The recent report Citizens and the Sovereign: Stories from the largest exodus in contemporary Indian history by Migrant Workers Solidarity Network is an attempt in this direction. As part of relief efforts during the lockdown, members of the Network came in touch with many workers. The report includes testimonies of their experiences as well as in-depth interviews with workers rights’ activists from several parts of the country, who were actively involved in campaigning for migrant workers in their respective states during the lockdown.
Citizens and the Sovereign looks at the situation of the migrant working population in India and at their relationship with the State while also raising several key issues and challenges.
A crisis long overdue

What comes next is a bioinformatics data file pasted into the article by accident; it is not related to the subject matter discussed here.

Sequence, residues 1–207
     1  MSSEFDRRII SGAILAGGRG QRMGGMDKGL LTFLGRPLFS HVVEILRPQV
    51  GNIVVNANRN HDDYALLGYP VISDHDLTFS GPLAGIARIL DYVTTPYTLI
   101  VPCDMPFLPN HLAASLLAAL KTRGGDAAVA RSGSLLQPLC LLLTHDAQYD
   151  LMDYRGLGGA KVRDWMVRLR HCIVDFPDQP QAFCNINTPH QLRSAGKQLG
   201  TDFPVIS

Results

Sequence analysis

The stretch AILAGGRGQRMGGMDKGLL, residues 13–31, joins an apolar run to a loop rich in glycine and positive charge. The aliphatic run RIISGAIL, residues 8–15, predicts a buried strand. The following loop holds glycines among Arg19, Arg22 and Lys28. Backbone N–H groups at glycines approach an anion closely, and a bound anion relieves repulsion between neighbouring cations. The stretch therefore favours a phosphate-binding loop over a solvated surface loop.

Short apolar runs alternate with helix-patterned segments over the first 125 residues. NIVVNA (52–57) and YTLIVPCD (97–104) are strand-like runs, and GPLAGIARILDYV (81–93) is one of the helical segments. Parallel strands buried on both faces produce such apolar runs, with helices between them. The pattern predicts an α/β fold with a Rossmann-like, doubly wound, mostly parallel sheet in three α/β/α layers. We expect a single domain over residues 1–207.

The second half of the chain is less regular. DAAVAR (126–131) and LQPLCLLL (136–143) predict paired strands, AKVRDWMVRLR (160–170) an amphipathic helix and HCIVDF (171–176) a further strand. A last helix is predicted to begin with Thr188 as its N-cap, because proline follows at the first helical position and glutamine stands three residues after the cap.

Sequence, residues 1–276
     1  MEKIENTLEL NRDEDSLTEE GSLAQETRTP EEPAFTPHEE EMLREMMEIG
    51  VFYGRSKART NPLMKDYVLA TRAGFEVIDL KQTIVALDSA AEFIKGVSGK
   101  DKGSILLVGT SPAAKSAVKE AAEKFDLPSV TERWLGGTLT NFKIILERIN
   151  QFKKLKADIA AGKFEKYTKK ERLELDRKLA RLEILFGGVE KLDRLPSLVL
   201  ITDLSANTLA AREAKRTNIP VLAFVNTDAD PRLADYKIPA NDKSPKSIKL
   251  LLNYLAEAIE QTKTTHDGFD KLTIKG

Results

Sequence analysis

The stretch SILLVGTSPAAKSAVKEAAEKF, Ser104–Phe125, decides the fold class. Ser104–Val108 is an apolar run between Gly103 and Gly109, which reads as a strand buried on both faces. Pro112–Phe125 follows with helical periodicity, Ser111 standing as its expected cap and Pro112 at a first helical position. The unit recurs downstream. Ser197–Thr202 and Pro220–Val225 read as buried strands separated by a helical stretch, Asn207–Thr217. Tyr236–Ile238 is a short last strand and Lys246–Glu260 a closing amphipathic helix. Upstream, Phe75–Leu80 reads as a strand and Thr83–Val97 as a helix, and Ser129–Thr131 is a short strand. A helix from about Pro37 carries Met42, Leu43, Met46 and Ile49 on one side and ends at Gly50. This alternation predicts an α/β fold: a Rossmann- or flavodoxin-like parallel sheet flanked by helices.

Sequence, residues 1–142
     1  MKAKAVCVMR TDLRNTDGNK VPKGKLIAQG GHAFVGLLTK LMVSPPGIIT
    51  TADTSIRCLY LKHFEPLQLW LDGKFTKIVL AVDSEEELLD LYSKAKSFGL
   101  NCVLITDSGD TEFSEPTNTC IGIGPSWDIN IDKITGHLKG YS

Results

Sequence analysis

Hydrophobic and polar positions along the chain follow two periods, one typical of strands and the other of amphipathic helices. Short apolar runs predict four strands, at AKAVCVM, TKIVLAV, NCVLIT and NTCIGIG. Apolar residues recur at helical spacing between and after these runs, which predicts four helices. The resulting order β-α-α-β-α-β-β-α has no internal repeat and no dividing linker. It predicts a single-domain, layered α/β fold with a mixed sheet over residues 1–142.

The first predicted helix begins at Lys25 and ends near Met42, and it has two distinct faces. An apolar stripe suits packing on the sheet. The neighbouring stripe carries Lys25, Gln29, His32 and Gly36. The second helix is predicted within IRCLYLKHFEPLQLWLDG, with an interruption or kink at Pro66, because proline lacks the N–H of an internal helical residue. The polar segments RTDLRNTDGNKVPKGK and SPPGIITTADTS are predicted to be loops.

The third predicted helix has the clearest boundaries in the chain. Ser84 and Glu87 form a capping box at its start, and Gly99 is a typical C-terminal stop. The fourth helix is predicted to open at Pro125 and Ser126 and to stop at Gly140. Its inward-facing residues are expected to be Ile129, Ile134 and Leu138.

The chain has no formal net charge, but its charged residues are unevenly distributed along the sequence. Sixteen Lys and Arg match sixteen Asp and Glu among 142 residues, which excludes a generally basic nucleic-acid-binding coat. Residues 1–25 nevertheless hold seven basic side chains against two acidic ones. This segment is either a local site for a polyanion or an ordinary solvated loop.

The withdrawal of the State from its welfare responsibilities, and its role in facilitating capital’s expansion, has paved the way for maximization of profit.The growth of neoliberalism across much of the world has led to an elaborate network of production chains which are global in their spread. Instant mobility of global capital, made possible by the large scale financialization of the economy, helped create the conditions for building such global value chains. The availability of large pool of cheap labor, a necessity for such a system to flourish, is ensured through two parallel processes. The continuing “primitive accumulation” has dispossessed people of their land, forests and other resources. This, coupled with the devaluing of agriculture and traditional livelihoods, has left people with little choice but to migrate to urban areas to find new means of sustenance. Moreover, the erosion of workers’ protection structures and the greater informalization of work across the economy has allowed for capital to exploit labor on the cheap. The withdrawal of the State from its welfare responsibilities, and its role in facilitating capital’s expansion, has paved the way for maximization of profit. Such a transformation of the role of the State is near completion with the recent enactment of four labor codes by the Modi government. Effectively, these codes limit the State intervention in labor-capital relations by suppressing any labor unrest using the might of the criminal law.